“Why did she have to tell ME this?” the neighbor lady asked my boon companion, “Why couldn’t she have told someone else?”

Remember this little story the next time you see Foreign Minister Lavrov or President Putin or the Russian Ambassador to the United Nations or Russian Foreign Ministry spokeswoman Maria Zakharova huffing and puffing and blowing America’s house down.

Everything they say is meant for domestic consumption only. They don’t really hate the United States. They just need a Big Enemy to occupy the minds of the Russian people, to distract them from their own more serious crimes and misdemeanors.

The con seems to be working so far. // TRR

msmomovladimirskyokrug.jpgOur humble municipal district newspaper, as published by our municipal district council. This is the one of two spots in our municipal where I know one can read it. Maybe there are more, but otherwise the newspaper is not distributed to the municipal districts’s residents, because the less they know about our municipal district’s business, the better, I guess. Photo by the Russian Reader

Fyodor Krasheninnikov: Russian History According to the Crimean Calendar

brickwall faceThe writing is on the wall.

Russian History According to the Crimean Calendar
A New Period of Russian History Kicked Off in 2014, But There Is No Proof It Will Last for Centuries
Fyodor Krasheninnikov
Vedomosti
April 11, 2018

In a recently published article, Vladislav Surkov argues we should regard 2014 as the first year of a new calendar, the beginning of a centuries-long era of “political solitude” that emerged after a long period of ambivalence on Russia’s part. Although the thoughts outlined in the article are primarily Mr. Surkov’s personal convictions, they do in some way describe the outlook of Russia’s supreme political elite, to which Mr. Surkov certainly belongs, and they are interesting only in this sense. Among other things, his take suggests that, after 2014, nothing comparable in importance to the events in Crimea has happened nor will happen, meaning Russia seemingly experienced the “end of history” in 2014.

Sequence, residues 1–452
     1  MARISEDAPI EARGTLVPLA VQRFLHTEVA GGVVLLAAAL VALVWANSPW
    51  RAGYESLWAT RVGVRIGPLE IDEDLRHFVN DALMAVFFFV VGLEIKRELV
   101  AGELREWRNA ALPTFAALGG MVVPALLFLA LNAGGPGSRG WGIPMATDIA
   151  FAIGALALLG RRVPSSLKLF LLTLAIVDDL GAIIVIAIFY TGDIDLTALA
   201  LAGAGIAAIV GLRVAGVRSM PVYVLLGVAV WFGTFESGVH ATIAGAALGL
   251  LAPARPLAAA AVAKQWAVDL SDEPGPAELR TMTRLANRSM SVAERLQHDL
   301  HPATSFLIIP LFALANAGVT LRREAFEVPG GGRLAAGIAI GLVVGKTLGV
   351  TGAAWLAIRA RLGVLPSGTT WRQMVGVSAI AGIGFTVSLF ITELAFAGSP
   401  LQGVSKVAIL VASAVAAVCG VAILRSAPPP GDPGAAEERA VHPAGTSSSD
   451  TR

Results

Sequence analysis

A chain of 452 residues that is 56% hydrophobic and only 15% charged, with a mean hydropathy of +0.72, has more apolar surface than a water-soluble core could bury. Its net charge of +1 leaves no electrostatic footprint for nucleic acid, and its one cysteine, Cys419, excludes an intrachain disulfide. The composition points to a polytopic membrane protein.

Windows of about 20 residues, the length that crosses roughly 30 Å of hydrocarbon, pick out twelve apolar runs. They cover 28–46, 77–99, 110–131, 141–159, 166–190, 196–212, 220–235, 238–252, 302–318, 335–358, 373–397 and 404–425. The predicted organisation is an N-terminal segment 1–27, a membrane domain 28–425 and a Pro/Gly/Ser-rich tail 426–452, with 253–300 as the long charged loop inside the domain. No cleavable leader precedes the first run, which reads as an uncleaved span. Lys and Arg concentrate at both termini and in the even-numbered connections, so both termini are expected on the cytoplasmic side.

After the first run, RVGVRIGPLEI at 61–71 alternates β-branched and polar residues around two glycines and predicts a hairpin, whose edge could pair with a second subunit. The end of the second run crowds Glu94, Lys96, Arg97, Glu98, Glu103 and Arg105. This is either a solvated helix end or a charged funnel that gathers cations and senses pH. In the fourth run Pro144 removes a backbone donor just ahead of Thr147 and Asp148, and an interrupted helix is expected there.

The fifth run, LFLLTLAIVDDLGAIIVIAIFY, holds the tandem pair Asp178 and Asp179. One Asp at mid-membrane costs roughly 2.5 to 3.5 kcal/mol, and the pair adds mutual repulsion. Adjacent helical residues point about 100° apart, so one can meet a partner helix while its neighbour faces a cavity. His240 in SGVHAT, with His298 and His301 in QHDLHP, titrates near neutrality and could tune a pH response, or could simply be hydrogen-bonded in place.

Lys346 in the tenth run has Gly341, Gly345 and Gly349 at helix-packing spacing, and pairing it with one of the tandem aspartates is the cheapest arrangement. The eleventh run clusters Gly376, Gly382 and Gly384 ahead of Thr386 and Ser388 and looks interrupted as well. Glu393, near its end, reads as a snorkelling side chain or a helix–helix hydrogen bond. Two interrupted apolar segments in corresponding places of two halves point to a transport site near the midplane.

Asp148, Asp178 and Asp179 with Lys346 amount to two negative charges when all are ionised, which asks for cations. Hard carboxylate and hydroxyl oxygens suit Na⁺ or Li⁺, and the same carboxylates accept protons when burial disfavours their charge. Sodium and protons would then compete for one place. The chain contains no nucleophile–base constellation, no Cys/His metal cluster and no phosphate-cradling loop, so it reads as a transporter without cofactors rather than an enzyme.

2014 will undoubtedly go down in history as the year of Vladimir Putin’s most memorable achievement. Russia’s annexation of Crimea led to many changes both at home and abroad, but what mattered most was that it was accomplished easily, quickly, and bloodlessly, and led to an incredible surge in the president’s popularity due to the fact that a large segment of society rallied around him. The more alarming the circumstances of spring 2018, the dearer to the president and his entourage are the memories of the happy spring of 2014. Surkov’s article can read as a belated reiteration of Faust’s “Stay a while, you are so beautiful,” as a reluctance to accept the inevitability of change and the ephemerality of all “forevers.”

The flip side of the myth of a new era’s beginning is the fear 2014 was actually the culmination of modern Russian history and things will only get worse in the future. The tendencies of recent years have fully confirmed this fear. Only four years have passed, but the spring of 2018 is nothing like the spring of 2014 in terms of feeling and mood. Russia is not on the offensive; instead, it is on the defensive. The west’s pressure on it has been multiplying and causing palpable problems for the economy. For the first time in four years, the country’s leaders have been forced to acknowledge the dangers posed by US sanctions and give up repeating the argument that all sanctions are a boon to the economy. It is no wonder. In 2014, the sanctions were much weaker, and given the euphoria in the air, they went almost unnoticed. Besides, in 2014, it was still possible to believe the sanctions were temporary. They would be lifted in the very near future, the west would swallow what had occurred, and everything would go back to what it had been. In 2018, the euphoria has long vanished, and if there is still talk the sanctions will soon be lifted, it should be put down more to inertia and confusion than anything else. Although it was intentionally timed to coincide with the fourth anniversary of the Crimean triumph, the presidential election did not produce anything comparable to the inspiring impression generated in the wake of Crimea’s annexation. The celebration of Putin’s electoral victory lasted only ten days, cut short by the disastrous shopping mall fire in Kemerovo and the official day of mourning announced in its aftermath.